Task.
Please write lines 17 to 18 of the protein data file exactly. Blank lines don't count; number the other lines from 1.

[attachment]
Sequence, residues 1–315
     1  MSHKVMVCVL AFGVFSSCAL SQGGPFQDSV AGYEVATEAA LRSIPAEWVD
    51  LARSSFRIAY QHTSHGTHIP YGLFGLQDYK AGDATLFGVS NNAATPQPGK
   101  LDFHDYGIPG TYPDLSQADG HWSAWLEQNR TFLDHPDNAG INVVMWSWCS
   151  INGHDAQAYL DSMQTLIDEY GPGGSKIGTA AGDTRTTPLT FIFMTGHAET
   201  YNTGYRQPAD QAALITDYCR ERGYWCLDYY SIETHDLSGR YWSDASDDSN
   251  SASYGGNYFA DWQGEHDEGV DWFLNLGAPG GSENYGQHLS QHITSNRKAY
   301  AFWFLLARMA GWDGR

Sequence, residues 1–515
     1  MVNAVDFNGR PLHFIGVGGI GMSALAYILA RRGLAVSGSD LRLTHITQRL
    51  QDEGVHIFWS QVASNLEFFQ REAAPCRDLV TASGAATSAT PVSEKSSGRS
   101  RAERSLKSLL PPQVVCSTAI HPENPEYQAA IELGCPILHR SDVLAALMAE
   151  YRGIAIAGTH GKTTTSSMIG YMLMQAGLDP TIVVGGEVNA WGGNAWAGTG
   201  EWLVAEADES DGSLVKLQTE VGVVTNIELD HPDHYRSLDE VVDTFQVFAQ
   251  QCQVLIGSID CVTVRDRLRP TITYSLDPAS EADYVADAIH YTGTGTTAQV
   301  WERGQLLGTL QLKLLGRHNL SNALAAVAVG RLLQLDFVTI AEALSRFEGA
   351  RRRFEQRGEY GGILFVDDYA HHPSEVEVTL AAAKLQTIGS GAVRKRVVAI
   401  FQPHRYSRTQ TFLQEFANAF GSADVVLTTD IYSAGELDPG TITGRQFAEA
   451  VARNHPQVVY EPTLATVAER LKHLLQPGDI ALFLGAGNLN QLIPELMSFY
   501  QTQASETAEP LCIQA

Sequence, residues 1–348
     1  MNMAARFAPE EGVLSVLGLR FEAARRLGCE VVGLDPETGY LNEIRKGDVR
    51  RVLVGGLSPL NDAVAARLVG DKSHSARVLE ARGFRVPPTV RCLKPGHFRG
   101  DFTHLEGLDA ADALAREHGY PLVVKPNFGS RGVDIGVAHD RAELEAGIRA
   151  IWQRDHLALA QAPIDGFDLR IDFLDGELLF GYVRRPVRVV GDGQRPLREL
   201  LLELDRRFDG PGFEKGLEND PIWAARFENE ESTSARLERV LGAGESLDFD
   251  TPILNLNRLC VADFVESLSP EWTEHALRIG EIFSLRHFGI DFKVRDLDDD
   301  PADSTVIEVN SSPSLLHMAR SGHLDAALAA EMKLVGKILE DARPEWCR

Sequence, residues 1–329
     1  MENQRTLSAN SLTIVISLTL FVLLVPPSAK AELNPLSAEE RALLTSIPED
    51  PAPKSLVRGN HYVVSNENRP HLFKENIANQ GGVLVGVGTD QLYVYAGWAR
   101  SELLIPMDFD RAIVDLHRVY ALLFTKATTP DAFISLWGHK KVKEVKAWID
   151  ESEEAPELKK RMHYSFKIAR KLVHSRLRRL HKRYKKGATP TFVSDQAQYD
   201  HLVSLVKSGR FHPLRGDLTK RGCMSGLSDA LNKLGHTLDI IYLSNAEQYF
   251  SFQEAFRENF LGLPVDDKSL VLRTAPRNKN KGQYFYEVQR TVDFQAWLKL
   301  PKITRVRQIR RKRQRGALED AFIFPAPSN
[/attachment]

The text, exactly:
   351  RRRFEQRGEY GGILFVDDYA HHPSEVEVTL AAAKLQTIGS GAVRKRVVAI
   401  FQPHRYSRTQ TFLQEFANAF GSADVVLTTD IYSAGELDPG TITGRQFAEA